The two-year Diploma Program consists of two parts: the International Baccalaureate Diploma Program (IBDP) curriculum, and an experiential learning program that focuses on the key aspects of ‘peace, a sustainable future and student initiative’.
The basics of the school are biology, chemistry, economics, English literature, geography, history, mathematics and physics.
Classes take place in modern academic blocks built in the 1960s-80s, converted medieval estate buildings and the castle itself (photo, the school’s library)
Meanwhile, there is also a wide selection of optional courses to choose from, including Design Tech, Visual Arts, Film studies, Music and Global Politics.
The College’s literary options range from English and French literature to Czech, Russian, Tibetan, Swedish and Urdu literature.
Classes take place in modern academic blocks built in the 1960s-80s, as well as converted medieval estate buildings and the castle itself.
Jens Waltermann, Executive Director of UWC International, told FEMAIL: “We are always delighted when a student chooses to join UWC’s global education movement.
“UWC’s mission is to make education a force to unite people, nations and cultures for peace and sustainability. We fulfill this mission by bringing together young people who otherwise would never meet.
‘Her Royal Highness Princess Alexia of the Netherlands will attend one of our 18 schools, together with 4,500 other students from 155 countries and with diverse backgrounds.
“It doesn’t matter where a student comes from to gain access to a UWC degree program, more than 75 percent of all students receive a partial or full scholarship. What matters is their potential to contribute to a better and more equitable future for all.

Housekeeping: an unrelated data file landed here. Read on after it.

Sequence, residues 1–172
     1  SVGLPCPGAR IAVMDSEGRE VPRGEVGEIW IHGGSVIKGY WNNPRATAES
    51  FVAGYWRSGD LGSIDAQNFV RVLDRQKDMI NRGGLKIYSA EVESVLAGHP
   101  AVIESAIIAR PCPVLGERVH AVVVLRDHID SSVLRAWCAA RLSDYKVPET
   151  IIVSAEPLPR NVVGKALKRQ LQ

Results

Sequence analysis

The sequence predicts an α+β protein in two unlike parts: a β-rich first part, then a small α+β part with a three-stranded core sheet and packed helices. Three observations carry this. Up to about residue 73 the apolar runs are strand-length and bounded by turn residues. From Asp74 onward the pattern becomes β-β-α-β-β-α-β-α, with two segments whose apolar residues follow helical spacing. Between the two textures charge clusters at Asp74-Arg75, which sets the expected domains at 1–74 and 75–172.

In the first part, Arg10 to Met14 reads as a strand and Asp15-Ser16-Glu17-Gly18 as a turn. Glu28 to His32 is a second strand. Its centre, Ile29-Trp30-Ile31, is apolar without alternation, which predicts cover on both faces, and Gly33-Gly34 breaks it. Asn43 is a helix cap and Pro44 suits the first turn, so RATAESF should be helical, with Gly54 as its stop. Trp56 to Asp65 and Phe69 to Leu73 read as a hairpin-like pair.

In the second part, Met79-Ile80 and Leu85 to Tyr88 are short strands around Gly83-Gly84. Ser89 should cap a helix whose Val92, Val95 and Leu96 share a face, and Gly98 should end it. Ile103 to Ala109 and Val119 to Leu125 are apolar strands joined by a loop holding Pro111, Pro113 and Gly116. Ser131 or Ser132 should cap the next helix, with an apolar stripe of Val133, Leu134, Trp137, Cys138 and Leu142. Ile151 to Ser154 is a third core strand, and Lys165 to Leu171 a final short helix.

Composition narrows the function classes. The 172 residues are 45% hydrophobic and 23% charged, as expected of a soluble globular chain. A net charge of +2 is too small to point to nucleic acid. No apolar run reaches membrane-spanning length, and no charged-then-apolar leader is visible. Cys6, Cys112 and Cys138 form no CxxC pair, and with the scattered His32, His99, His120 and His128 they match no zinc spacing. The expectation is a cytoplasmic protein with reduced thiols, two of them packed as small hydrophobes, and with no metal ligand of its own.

“Now more than ever, it is necessary to educate global citizens who want to start the conversation, regardless of their background or beliefs.”
In addition to their studies, students are expected to engage in a minimum of two hours of community service, two hours of physical activity, and an additional two hours of creative activity each week. Sessions take place in the afternoons, evenings and weekends.
With its lessons, the school wants to ‘inspire changers’ who want to work for the common good.
It looks for students who can “navigate the complexities of life and (reach) beyond simple answers,” according to the school’s website.
Students are encouraged to be ’empowered’ to ‘take authentic responsibility to make their own decisions and actions’.
Welsh boarding school called ‘hippie Hogwarts’
Princess Elisabeth of Belgium enrolled at the start of the 2018-2019 academic year at UWC Atlantic College in South Wales, a private school called ‘hippie Hogwarts’.
Her home is the crumbling 12th-century St Donat’s Castle in the Vale of Glamorgan, where she studies the International Baccalaureate.
According to reports, students are encouraged to avoid “excessive displays of wealth” by mixing with people from all walks of life, while discouraging the use of expensive gadgets such as laptops.
Alumni include the Dutch King Willem-Alexander and Princess Raiyah of Jordan, but students are just as likely to clash with “refugees from West Africa” and “California hippies,” according to an article published in The Times last year.
United World College of the Atlantic is located in the 12th century St Donat’s Castle in the Vale of Glamorgan, pictured in file image. About 350 students study at the school outside Cardiff – including Crown Princess Elisabeth of Belgium